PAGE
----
Topic started by g mauruthi (@ 22.214.171.124) on Wed Aug 22 14:21:08 EDT 2001.
All times in EST +10:30 for IST.
I hope New MD like ARR who is innovative will Come ( not ARR style necessarily ), but new good styles. ( not METAL )
- From: cosmician (@ 126.96.36.199)
on: Thu Aug 23 15:56:46 EDT 2001
Quite Scary prospects right..Maruthi ?
Quite possible dont you think...we have a decent adaptation of Western pop with ARR...what guarantee is there that with more westernization of people's tastes..TFM will not slip into metal ?
- From: Bharath (@ 188.8.131.52)
on: Thu Aug 23 17:13:13 EDT 2001
1990 and 2000! what was the difference!
Agreed ARR changed something significant. But we still have carnautic and Tamil folk doing its rounds although its mixed with "western" sounds.
So i dont expect much change. maybe SUnTv and the liikes will give way to music videos and thereby leading to the forking of music and cinema slowly.
- From: Udhaya (@ 184.108.40.206)
The future is all one can hope for. Here are my hopes:
Future of TFM in 10 years:
-India’s first Thamizh prime minister will order a Thamizh fatwa on Northie singers moonlighting in TFM as well as homegrown evils like Vasundra Das leading to their branded tongues with red-hot forks
-Vairamuthu will get a reverse enema in the form of a lit firecracker that will magically disengage him from his algorithm format and English word usage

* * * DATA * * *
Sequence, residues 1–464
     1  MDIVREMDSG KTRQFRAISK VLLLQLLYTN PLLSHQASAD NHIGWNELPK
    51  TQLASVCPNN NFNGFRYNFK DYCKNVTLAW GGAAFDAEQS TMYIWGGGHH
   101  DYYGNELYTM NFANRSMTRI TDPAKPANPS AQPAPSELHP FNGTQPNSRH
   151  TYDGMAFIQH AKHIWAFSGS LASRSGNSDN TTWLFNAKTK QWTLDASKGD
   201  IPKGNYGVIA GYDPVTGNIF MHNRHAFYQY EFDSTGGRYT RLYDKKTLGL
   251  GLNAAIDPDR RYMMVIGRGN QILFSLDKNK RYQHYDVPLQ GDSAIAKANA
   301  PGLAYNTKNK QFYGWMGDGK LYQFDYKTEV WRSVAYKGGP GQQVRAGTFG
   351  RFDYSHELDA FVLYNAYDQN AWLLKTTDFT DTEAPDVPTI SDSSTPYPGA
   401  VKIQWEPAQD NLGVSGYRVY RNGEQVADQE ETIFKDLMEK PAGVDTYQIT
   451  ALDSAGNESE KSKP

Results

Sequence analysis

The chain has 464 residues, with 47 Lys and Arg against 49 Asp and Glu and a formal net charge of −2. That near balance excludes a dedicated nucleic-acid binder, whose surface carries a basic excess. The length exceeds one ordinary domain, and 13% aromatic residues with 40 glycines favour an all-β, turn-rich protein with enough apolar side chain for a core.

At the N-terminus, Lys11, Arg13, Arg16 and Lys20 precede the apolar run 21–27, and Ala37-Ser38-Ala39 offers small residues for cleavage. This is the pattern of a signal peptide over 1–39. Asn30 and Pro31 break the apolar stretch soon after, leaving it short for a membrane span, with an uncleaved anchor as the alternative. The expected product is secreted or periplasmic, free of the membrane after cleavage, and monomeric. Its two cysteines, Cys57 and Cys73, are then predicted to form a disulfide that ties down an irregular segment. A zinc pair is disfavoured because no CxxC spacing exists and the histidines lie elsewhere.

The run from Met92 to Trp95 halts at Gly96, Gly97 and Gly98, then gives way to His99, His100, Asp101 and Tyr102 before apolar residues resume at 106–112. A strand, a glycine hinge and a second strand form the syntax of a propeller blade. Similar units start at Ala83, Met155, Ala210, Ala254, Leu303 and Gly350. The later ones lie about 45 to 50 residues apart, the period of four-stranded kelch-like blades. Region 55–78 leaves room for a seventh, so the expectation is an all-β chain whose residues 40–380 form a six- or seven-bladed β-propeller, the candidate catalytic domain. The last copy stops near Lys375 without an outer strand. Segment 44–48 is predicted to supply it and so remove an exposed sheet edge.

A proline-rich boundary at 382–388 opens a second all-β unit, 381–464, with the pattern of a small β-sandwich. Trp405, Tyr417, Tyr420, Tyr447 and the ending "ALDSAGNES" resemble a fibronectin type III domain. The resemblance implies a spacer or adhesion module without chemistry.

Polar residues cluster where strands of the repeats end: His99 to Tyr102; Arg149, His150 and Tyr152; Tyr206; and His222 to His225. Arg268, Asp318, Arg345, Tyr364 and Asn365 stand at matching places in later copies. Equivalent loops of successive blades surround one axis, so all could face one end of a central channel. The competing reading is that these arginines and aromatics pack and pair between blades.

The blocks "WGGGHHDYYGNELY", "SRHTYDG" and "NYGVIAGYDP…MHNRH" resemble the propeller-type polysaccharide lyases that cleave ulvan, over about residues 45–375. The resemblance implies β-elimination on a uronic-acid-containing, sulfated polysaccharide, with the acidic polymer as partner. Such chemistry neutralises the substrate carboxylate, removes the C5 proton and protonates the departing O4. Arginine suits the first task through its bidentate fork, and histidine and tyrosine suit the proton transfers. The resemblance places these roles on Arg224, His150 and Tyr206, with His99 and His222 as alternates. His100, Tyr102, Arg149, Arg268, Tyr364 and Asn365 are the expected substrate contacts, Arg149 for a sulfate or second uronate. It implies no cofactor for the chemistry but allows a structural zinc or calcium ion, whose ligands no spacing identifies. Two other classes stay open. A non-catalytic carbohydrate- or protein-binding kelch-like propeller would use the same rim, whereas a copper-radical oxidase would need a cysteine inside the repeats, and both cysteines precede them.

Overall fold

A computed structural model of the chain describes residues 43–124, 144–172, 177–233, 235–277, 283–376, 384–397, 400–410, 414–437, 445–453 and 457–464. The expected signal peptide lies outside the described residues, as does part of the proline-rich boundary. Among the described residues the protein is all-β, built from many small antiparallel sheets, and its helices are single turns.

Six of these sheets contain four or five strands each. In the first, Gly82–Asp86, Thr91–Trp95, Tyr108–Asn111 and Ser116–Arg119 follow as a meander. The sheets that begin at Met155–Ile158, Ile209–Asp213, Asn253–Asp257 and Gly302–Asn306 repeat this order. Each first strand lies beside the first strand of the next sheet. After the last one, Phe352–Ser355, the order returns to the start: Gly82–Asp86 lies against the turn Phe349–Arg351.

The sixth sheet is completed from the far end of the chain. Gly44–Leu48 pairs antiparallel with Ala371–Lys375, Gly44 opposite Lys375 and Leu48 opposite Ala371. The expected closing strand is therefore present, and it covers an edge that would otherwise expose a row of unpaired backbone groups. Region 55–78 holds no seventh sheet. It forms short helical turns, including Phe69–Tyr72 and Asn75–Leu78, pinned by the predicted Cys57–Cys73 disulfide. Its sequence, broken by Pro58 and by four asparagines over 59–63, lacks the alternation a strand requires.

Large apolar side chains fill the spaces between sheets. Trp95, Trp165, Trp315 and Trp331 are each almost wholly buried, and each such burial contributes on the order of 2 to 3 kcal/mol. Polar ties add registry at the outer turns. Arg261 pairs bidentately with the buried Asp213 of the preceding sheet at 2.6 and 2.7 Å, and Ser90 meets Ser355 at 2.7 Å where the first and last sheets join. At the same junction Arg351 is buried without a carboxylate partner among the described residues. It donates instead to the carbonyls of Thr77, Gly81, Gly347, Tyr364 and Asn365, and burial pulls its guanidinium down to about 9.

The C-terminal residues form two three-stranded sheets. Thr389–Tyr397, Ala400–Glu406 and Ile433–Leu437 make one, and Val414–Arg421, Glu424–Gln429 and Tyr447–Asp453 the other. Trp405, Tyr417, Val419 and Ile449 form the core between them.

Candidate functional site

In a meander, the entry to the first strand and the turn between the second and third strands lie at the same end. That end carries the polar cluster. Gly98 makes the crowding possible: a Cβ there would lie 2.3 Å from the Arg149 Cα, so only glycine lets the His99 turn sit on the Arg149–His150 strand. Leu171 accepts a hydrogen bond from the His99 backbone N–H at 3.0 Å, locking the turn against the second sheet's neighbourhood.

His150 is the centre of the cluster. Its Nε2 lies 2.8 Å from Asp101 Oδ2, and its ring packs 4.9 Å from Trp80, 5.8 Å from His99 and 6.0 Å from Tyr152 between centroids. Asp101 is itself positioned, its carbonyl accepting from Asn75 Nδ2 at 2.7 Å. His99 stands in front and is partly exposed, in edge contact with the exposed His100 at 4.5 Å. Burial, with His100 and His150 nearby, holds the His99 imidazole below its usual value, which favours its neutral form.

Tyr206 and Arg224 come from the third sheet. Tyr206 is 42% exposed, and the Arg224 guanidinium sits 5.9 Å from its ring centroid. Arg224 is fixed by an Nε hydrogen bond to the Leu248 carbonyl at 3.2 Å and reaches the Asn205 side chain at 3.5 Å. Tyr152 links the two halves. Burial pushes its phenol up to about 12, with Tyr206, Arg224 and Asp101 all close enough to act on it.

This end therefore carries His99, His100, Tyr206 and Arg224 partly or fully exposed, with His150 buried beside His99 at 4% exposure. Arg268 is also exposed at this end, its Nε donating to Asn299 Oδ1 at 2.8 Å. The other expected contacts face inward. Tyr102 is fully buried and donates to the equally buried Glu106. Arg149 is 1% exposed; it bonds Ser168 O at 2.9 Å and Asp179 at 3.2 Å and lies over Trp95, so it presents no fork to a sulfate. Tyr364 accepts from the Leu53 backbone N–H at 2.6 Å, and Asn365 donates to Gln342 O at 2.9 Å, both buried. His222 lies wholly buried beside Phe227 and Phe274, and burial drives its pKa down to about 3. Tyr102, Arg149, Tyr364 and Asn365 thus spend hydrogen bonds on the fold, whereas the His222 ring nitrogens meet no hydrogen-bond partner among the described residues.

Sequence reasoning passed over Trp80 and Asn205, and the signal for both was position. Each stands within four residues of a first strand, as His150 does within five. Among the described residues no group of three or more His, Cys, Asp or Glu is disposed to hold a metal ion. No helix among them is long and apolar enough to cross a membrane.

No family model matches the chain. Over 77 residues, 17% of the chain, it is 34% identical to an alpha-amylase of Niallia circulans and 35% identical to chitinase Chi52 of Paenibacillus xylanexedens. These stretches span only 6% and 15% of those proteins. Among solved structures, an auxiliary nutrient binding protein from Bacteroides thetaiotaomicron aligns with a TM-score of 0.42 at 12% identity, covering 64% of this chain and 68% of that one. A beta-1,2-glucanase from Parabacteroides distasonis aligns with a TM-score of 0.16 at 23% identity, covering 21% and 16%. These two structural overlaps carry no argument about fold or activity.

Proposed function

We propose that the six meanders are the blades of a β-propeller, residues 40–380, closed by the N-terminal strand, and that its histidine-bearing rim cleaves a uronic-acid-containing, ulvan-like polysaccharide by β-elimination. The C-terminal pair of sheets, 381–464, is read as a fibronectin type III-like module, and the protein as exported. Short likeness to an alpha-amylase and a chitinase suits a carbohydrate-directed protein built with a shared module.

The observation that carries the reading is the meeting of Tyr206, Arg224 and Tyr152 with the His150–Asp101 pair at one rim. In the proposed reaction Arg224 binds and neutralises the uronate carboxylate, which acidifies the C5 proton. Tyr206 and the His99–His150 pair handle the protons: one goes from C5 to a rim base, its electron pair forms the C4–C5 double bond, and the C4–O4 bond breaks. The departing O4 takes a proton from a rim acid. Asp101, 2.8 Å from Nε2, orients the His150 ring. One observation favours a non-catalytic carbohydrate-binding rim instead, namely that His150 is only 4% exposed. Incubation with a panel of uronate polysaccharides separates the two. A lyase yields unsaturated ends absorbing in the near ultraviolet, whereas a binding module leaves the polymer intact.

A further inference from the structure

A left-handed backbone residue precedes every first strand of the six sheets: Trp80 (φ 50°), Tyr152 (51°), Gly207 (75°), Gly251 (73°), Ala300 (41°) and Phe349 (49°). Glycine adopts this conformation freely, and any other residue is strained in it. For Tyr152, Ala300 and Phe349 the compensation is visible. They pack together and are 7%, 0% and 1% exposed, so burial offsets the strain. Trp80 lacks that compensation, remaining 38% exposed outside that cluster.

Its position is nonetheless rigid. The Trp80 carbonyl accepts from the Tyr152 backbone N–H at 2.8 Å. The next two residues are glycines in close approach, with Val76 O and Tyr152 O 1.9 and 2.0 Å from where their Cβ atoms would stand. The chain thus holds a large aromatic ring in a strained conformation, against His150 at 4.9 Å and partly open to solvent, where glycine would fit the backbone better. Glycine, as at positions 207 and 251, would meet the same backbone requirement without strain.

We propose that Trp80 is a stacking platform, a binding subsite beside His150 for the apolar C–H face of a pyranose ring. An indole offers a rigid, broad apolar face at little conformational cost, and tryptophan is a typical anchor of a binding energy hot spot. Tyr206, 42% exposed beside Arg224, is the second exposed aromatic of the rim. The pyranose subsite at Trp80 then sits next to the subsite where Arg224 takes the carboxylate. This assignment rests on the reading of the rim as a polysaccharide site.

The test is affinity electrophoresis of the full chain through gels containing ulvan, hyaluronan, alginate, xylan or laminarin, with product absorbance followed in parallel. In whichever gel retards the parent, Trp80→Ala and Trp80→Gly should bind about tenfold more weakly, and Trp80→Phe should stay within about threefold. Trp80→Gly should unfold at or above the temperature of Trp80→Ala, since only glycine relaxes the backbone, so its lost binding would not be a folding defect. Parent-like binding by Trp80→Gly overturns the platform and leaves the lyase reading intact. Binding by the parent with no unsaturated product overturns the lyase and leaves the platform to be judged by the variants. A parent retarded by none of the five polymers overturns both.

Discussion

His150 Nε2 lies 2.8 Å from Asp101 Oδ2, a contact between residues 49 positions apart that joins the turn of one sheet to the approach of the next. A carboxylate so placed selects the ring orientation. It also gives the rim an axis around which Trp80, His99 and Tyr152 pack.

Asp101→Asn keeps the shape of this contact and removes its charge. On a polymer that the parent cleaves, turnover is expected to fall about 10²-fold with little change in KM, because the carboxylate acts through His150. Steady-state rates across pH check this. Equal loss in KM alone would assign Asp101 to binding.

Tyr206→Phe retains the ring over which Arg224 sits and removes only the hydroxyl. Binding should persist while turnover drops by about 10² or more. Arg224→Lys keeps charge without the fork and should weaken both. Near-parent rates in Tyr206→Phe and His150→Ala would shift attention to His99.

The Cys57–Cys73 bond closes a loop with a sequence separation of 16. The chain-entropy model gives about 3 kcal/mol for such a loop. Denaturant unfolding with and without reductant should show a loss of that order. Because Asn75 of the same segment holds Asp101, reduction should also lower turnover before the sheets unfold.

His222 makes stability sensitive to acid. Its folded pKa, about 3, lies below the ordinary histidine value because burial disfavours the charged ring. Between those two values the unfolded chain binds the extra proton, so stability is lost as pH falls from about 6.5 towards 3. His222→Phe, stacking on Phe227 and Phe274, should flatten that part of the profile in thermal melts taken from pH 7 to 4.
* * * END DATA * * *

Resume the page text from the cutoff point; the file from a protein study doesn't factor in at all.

-Ilayaraja will get divinely inspired to treat TFM as he has been treating Malayalam soundtracks and give one spellbinding track after another
-Ilayaraja will also hearken to his early style of elaborate compositions with varying interludes and re-remember how to use guitar, horns, veenai and other instruments that he neglected since the mid-80s
-Ilayaraja will stop blaming the world for lack of recognition and stop moping about others lacking the class to appreciate his genius and begin providing the true feast he promised his fans instead of the “appalam and oorugai” he confessed to be giving us
-All the religious heads will summon Ilayaraja to measure up to his past greatness instead of lying on his laurels like a spoiled child. They will reprimand him for equating spirituality with a lack of excitement in one’s own work
-Vaali will stick to writing honorable free verse epics and articles for print and quit being the self-proclaimed dog-for-money that he is in song lyrics
-Following Thamarai’s success, distributors will demand female writers and this epidemic will spread so widely that women attain a permanent place as lyricists
-The above trend will be justly followed by female MDs and directors
-ARR will get into a Sufi trance and realize that Thamizh is sacred and will up*hold the correct pronunciation of Thamizh with a handy whip blessed by a Muslim prophet
-The fad of rhythm-oriented music fades and melody regains its rightful place on top
-Private albums will make a great impact on the music scene and affect the way soundtracks are made. Many different groups will be featured under one soundtrack like western movie soundtracks
-The world music scene will recognize Indian music’s richness and will shower riches on all the local musicians
-Every genre of music will survive and triumph on its own merit rendering copies irrelevant and forcing Deva, SAR, and Sirpi to oblivion or original work
-Unni Menon and Srinivas will get their deserved recognition
-Shankar Mahadevan will have long outgrown being typecast for high-pitched, high-strung songs and will display his immense potential as a musician and singer